Each of us has a surf board, folks. We were born with it, so when these waves hit, these surges of energy that we've all collectively agreed to call forth at certain times in our linear history, we aren't left without the possibility of taking a great ride.

You gotta go for it, though, and do whatever it takes to open the window to your higher self. Or not. But like I said last year, there's no remaining neutral at a time like this.

The Wave is upon us.

Happy ridin'!


Full Permission Living is a place of being. Having moved from awareness to understanding to knowing, a person at this level of their development is simply a human… being. Eva Broch, in Pathwork Guide Lecture #127, delineates the four stages of the evolution of consciousness this way: “automatic reflex, awareness, understanding and knowing.” (See Lecture #127 in this month’s reading assignment). Spinning off from that lecture, I think of the movement through the four stages of consciousness like this: awareness, understanding, knowing and being.

Awarenessand understanding come by freeing up the mind. This is accomplished first by clearly seeing what is going on in one’s inner and outer life (awareness), and then making the cause and effect connections about the events (understanding). Awareness can begin increasing right in the first session with the therapist, acting as a mirror, offering some initial reflections and assessments. Often in a first session, a patient may say in response to the therapist’s observations: “Oh! I never realized that before.” In other words, awareness has been activated.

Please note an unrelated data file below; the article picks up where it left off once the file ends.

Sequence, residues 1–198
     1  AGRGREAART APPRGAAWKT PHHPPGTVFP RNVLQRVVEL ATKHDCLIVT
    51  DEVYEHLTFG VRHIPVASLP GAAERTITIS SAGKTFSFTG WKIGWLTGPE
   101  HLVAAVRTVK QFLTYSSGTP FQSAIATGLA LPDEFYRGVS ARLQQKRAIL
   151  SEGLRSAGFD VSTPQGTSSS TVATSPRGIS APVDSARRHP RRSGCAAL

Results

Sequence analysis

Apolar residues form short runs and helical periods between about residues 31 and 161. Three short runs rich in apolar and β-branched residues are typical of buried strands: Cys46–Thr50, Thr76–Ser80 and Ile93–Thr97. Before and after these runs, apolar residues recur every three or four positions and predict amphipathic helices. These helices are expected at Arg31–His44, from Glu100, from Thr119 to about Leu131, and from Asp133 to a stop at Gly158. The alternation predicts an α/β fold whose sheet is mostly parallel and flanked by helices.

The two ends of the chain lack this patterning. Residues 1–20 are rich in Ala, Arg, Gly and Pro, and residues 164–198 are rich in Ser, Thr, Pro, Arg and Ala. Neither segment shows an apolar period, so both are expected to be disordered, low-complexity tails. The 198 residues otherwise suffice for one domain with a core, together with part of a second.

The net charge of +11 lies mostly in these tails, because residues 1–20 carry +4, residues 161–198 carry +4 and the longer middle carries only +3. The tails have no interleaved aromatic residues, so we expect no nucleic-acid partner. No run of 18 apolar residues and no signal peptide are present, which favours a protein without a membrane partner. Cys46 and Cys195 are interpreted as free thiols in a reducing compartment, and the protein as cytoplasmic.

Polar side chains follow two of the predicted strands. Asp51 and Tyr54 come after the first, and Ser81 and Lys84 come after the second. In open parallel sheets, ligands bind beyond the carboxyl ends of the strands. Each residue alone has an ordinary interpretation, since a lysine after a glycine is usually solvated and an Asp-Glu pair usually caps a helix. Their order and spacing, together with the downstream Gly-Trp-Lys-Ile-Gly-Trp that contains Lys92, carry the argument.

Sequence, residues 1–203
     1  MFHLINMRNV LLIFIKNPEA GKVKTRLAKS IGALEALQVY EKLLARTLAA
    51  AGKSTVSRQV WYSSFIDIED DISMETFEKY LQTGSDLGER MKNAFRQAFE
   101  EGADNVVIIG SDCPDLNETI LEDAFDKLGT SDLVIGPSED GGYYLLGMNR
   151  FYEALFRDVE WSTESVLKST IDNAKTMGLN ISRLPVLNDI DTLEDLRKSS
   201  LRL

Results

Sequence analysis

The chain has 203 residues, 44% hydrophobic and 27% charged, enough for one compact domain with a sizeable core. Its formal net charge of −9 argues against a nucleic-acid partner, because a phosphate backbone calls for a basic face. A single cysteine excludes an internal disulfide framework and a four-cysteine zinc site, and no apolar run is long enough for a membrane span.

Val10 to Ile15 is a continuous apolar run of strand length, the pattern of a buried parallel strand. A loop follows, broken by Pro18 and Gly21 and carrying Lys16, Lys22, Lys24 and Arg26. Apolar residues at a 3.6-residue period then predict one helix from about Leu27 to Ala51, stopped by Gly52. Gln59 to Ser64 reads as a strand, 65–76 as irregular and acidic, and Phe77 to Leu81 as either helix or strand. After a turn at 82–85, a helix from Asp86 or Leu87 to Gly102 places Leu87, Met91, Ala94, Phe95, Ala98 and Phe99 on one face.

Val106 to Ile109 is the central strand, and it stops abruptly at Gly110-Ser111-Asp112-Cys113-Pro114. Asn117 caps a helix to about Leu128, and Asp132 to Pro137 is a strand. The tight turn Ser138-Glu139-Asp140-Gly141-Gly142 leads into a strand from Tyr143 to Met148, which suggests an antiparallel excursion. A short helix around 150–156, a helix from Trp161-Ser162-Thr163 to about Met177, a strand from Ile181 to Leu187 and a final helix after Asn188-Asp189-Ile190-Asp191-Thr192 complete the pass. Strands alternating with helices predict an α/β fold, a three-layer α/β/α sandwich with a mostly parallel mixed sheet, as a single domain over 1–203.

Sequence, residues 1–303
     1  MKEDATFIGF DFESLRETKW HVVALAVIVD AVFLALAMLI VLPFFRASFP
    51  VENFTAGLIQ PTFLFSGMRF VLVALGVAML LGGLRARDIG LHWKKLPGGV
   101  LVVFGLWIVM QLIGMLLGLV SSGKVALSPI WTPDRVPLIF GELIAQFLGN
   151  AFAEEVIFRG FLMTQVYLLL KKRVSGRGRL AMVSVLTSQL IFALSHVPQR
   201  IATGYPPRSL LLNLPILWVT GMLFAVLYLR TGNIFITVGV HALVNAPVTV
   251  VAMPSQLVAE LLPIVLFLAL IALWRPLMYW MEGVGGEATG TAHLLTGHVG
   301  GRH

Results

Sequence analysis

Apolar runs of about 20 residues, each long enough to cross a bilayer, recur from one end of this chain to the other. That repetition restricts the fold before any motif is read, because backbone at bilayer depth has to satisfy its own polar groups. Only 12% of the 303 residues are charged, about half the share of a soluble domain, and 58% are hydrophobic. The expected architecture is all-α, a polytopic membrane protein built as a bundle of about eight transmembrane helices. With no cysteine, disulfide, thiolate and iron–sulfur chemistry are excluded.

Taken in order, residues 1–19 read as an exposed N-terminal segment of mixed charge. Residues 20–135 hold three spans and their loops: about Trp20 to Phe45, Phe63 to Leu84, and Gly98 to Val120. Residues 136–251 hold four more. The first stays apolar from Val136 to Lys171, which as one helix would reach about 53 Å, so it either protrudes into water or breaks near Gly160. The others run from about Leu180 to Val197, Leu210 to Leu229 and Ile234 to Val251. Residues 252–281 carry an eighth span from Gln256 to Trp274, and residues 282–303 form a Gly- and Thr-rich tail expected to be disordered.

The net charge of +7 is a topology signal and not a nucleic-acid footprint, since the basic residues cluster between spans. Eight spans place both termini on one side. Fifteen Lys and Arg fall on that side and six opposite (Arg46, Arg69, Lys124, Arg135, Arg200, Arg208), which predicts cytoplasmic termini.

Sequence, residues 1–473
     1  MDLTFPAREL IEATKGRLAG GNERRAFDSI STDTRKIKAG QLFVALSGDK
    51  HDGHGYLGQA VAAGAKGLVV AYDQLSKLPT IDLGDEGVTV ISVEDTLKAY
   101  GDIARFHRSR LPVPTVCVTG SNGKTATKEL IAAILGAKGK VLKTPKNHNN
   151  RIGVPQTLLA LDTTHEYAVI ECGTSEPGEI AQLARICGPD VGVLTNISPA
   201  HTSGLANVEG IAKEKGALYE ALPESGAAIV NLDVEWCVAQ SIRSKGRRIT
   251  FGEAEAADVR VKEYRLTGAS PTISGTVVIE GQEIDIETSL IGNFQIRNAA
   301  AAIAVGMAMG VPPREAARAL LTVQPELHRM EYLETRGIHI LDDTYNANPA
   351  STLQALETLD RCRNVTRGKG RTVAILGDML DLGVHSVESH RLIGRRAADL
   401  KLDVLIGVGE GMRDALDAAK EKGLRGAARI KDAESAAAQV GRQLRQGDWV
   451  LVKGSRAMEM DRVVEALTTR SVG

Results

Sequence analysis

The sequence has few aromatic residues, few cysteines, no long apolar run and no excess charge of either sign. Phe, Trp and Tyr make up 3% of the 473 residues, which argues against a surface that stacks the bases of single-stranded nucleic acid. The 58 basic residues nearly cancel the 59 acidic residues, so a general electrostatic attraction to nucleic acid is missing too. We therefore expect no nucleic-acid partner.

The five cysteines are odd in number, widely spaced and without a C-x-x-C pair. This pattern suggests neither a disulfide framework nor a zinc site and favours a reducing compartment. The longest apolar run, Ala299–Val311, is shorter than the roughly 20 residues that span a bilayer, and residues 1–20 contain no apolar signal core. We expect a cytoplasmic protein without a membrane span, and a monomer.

Understanding comes somewhat afterwards as connections are made mentally between past and present events and repetitive patterns that were previously thought of as mysterious or cruelly random. Reality is now seen in a more predictable light, and hidden agendas, intentions and beliefs are accepted as personally created realities.

Knowing comes with freeing up the emotions in the body. It is only from our gut, from within our bodies, that we can ever say “I know” something with certainty. That is why we say, “I just feel it”, when we are definite about something. The person who truly feels, knows their own truth confidently. Getting to a place of knowing takes hard work and determined effort. In addition to developing awareness and understanding, one must now undertake the “breaking” of the body’s defenses and armoring, and really feel, especially, at first, the difficult feelings of sorrow, rage and fear. This is the “point of no return.” If a person breaks through here they will never “go back” to their previous levels of functioning. They are on their way to being.